also been reduced by ploughing and is now visible as an elongated mound
0.5m high and measuring 17m by 10m on a north west to south east axis.
Remains of the full extent of the original barrow around this presently
visible mound are included in the scheduling.
The group of barrows lie within, and adjacent to, the site of a network of
dykes and enclosures, which are depicted on old maps. They have been
levelled by ploughing and their date, function, nature of survival and
relationship with the barrows is currently unknown.

The site of the monument is shown on the attached map extract.
It includes a 2 metre boundary around the archaeological features,
considered to be essential for the monument's support and preservation.

Source: Historic England

Reasons for Scheduling

Bowl barrows, the most numerous form of round barrow, are funerary monuments
dating from the Late Neolithic period to the Late Bronze Age, with most
examples belonging to the period 2400-1500 BC. They were constructed as
earthen or rubble mounds, sometimes ditched, which covered single or multiple
burials. They occur either in isolation or grouped as cemeteries and often
acted as a focus for burials in later periods. Often superficially similar,
although differing widely in size, they exhibit regional variations in form
and a diversity of burial practices. There are over 10,000 surviving bowl
barrows recorded nationally (many more have already been destroyed), occurring
across most of lowland Britain. Often occupying prominent locations, they are
a major historic element in the modern landscape and their considerable
variation of form and longevity as a monument type provide important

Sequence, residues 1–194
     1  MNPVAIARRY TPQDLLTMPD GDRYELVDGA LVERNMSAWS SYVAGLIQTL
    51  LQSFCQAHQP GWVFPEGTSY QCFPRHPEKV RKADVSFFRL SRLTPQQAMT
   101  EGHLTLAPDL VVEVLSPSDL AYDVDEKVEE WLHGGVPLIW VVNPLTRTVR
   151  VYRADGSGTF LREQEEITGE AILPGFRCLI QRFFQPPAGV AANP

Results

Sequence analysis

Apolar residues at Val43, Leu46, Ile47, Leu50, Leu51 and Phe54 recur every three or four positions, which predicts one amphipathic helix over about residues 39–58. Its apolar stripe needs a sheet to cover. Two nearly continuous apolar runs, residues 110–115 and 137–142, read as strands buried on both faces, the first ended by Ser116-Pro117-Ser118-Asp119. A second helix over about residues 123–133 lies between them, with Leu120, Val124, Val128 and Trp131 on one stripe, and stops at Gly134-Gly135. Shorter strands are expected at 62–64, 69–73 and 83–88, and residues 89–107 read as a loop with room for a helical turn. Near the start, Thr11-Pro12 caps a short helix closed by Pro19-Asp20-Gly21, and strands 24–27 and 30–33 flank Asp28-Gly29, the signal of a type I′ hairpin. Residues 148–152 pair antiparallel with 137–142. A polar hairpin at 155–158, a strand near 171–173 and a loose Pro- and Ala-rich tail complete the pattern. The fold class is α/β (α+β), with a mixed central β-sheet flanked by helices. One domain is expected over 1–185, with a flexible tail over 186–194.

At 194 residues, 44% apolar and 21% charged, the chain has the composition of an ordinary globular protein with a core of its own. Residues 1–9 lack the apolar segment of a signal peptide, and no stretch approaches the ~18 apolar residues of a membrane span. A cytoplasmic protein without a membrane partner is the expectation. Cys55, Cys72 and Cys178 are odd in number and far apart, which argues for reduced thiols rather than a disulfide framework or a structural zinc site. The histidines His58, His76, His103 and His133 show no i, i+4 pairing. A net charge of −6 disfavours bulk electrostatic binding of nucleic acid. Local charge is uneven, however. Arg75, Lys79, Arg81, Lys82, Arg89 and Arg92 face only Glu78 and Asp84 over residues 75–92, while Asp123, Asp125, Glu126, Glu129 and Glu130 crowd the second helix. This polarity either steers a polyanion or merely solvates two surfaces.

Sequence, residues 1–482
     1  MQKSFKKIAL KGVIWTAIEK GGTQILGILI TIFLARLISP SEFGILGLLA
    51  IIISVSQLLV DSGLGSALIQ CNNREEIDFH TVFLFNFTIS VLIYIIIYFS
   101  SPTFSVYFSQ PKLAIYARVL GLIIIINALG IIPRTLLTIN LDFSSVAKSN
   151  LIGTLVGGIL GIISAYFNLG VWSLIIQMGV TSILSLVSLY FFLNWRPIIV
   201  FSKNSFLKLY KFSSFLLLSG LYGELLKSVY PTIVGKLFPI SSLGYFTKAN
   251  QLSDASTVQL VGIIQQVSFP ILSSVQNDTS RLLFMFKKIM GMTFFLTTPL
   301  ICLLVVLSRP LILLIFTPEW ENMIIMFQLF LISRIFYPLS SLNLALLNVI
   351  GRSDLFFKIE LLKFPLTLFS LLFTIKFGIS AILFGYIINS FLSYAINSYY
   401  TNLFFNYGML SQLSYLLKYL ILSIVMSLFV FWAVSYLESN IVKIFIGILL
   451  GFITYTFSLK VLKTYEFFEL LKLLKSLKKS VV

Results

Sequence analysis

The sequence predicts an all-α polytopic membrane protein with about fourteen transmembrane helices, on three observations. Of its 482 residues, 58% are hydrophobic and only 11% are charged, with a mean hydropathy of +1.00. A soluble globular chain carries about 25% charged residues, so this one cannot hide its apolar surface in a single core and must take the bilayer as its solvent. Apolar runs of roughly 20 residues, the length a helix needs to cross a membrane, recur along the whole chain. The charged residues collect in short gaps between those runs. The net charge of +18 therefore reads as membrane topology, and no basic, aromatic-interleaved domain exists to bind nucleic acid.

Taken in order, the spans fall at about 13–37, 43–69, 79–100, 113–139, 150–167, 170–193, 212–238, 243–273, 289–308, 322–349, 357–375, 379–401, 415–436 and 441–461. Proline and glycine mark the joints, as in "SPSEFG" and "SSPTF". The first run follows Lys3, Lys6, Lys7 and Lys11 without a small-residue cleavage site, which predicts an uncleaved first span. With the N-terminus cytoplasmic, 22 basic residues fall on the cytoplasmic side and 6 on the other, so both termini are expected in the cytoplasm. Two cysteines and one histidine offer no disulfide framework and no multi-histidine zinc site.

information on the diversity of beliefs and social organisations amongst early
prehistoric communities. They are particularly representative of their period
and a substantial proportion of surviving examples are considered worthy of

Although partly reduced by agricultural activity significant
archaeological deposits will be preserved within the four round barrows
875m north west of High Blansby. They are four of many similar monuments
in the immediate area and will preserve important evidence of the ritual
use of the landscape. Excavation of other round barrows in the region have
shown that they demonstrate a very wide range of burial rites from simple
scatters of cremated material to coffin inhumations and cremations
contained in urns, typically dating to the Bronze Age. A common factor is
that barrows were normally used for more than one burial and that the
primary burial was frequently on or below the original ground surface,
often with secondary burials located within the body of the mound. Most
barrows include a small number of grave goods. These are often small
pottery food vessels, but stone, bone, jet and bronze items have also
occasionally been found.

Source: Historic England


Books and journals
Smith, M J B, Excavated Bronze Age Burial Mounds of Durham and N' land., (1994), 1-22
Smith, M J B, Excavated Bronze Age Burial Mounds of North East Yorkshire, (1961), 1-22
Smith, M J B, Excavated Bronze Age Burial Mounds of Durham and N' land., (1994), 1-22

Source: Historic England